View Full Version : Bionet controversial topic #6: on the obligation to share usefulresearch data

04-07-2002, 08:07 PM
There are many reasons to share biomedical research data. Sharing data
reinforces open scientific inquiry, encourages diversity of analysis and
opinion, promotes new research, makes possible the testing of new or
alternative hypotheses and methods of analysis, supports studies on data
collection methods and measurement, facilitates the education of new
researchers, enables the exploration of topics not envisioned by the
initial investigators, and permits the creation of new data sets when data
from multiple sources are combined. From an international point of view,
data sharing favour international collaborations and allow researchers from
less developed countries to leverage on the intellectual abilities without
being impaired by the lack of equipment required for data collection. With
reference to Europe it clearly promotes the creation of the European
Research Area so dear to the European Commission.

Although most research policy makers agree with these statements, still
most of the research data produced with taxpayers' money are not widely
available. When data sharing is left to the voluntary initiative of the
single researcher there are various reasons that make difficult data
sharing. Research data are seen as a competitive advantage over other
research groups, they may provide business opportunities, they can be
exchanged with other favours, etc. In addition sharing data takes time and
dedication, and the rewards tend asymptotically to zero. Frequently
sharing data also costs money, costs that are difficult to motivate to our
institutions. Thus, I guess we should not be surprised if research data are
not shared so frequently.

Would it be better if research-founding agencies, impose that all data
produced with their money are made public?

Do not think this is a weird idea. I recently read that in 1998 the USA
Congress discussed an amendment usually known as the Shelby Amendment,
which proposed to make data from federally founded academic research
available to the public under the Freedom of Information Act. I understand
that the amendment's implementation narrowed very much the original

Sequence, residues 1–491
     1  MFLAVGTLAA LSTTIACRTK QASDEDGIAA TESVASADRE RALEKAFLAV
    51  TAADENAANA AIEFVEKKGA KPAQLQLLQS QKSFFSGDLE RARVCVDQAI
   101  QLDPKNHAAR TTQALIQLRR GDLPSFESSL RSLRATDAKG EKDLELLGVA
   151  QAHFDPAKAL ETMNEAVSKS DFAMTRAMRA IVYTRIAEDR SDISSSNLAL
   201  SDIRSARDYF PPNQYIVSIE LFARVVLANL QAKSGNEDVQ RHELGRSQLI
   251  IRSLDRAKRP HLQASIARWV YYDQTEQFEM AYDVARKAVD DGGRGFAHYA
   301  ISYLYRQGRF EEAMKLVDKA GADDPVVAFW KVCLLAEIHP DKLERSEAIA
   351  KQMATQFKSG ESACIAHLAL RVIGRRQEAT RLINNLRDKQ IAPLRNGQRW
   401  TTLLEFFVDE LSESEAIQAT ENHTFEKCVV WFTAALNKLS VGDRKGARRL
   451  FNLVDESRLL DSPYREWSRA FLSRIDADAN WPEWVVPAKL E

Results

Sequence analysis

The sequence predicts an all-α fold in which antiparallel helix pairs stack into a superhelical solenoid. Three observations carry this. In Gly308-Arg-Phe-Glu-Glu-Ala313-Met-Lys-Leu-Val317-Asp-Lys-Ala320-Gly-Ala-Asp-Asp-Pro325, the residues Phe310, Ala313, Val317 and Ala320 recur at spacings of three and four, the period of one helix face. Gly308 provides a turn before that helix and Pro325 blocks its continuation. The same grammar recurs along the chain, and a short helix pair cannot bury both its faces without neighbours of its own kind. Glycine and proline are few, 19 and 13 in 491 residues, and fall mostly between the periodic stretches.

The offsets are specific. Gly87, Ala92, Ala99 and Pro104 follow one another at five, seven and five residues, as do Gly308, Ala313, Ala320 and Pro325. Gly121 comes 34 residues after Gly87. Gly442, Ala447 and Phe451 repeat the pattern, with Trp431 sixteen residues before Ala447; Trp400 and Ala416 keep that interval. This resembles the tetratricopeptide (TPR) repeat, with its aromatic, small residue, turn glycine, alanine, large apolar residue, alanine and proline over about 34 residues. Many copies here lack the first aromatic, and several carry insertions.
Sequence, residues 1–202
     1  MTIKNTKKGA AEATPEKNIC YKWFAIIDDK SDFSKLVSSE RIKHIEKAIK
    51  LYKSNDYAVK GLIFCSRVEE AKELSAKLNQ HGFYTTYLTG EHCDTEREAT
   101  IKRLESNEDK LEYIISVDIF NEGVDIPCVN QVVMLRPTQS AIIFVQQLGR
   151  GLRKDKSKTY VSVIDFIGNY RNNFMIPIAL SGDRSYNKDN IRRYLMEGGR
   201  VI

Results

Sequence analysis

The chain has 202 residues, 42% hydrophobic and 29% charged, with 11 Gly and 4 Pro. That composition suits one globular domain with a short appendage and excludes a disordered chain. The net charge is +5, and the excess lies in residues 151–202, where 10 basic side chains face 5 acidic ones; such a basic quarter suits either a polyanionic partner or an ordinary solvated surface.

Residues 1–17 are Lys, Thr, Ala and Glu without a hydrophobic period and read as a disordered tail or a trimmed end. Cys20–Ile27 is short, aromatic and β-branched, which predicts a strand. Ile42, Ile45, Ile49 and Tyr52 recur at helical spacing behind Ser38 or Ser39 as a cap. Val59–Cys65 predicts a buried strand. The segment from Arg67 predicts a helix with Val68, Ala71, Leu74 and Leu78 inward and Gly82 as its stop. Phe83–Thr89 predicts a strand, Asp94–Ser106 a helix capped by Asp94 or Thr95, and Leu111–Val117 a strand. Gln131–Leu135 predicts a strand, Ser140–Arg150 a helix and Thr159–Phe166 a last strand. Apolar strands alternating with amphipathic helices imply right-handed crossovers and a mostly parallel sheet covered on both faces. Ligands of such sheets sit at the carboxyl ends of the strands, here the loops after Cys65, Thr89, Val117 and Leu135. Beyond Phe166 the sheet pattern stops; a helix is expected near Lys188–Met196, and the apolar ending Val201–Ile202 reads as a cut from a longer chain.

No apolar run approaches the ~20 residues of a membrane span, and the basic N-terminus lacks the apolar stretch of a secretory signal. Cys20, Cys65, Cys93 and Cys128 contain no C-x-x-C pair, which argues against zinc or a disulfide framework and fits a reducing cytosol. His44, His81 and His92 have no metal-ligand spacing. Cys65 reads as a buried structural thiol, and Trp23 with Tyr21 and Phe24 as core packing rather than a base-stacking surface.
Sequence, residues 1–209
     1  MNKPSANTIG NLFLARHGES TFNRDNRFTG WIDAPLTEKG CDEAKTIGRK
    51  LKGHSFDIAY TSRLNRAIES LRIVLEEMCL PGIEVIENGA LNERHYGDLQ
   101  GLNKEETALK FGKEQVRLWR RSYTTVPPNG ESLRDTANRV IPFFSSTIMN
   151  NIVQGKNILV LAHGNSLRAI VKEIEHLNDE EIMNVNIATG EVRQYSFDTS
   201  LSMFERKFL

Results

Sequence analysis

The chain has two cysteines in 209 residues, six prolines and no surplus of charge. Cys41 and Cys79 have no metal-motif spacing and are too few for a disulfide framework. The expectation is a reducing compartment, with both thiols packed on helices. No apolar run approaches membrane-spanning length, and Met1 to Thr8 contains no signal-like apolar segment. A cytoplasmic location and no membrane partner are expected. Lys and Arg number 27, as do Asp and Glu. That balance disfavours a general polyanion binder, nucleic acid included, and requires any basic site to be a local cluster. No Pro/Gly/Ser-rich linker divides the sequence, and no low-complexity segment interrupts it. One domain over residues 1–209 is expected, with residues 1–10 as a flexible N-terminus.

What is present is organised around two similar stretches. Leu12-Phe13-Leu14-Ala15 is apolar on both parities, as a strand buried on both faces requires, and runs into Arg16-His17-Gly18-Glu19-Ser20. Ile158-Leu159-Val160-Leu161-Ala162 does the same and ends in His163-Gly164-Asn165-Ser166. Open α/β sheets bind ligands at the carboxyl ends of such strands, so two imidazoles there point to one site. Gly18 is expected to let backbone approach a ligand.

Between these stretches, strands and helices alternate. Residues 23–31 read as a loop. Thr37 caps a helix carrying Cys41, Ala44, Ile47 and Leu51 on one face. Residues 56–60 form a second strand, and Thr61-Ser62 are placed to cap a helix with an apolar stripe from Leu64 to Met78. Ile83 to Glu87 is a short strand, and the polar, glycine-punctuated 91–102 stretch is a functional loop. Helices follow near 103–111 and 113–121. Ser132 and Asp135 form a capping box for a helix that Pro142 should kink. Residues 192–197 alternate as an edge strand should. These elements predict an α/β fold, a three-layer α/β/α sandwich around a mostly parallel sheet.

intention, but still the direction seems very much the same. More
recently, the USA National Institutes of Health (NIH) March 1 2002
requested comments from the research community on its proposed data sharing
guidance. NIH policy will require all applicants for research awards to
submit a data-sharing plan with their applications. The agency notes that
such policy ensures openness in science, strengthens scientific inquiry and
criticism, promotes new research or alternative approaches, and even
improves efficiency in spending limited research funds (e.g., by
eliminating duplication of effort in data collection).

In Europe there are rumours that the advisory groups of the European
Commission are considering similar directions.

How should we react to these impositions? Should we lobby against them?
Even if we agree with the idea of sharing research data we may not like
that we are forced to do so.

Or should we embrace these constraints, as they are for the good of science?

Other related questions: would it be legitimate to ask for an access fee,
so to recover the costs of keep the data repositories up and running?
Would this sharing prevent the industrial-commercial use, through
copyrights, patents, or other mechanisms to protect the intellectual
property rights? Who should maintain the data repositories running, and
how long the data should be kept available?

The paper is open for discussion!



MARCO VICECONTI, PhD (viceconti@tecno.ior.it)
Laboratorio di Tecnologia Medica tel. 39-051-6366865
Istituti Ortopedici Rizzoli fax. 39-051-6366863
via di barbiano 1/10, 40136 - Bologna, Italy

Tiger! Tiger! Burning bright in the forest of the night,
what immortal hand or eye could frame thy fearful symmetry?
Opinions expressed here do not necessarly reflect those of my employer

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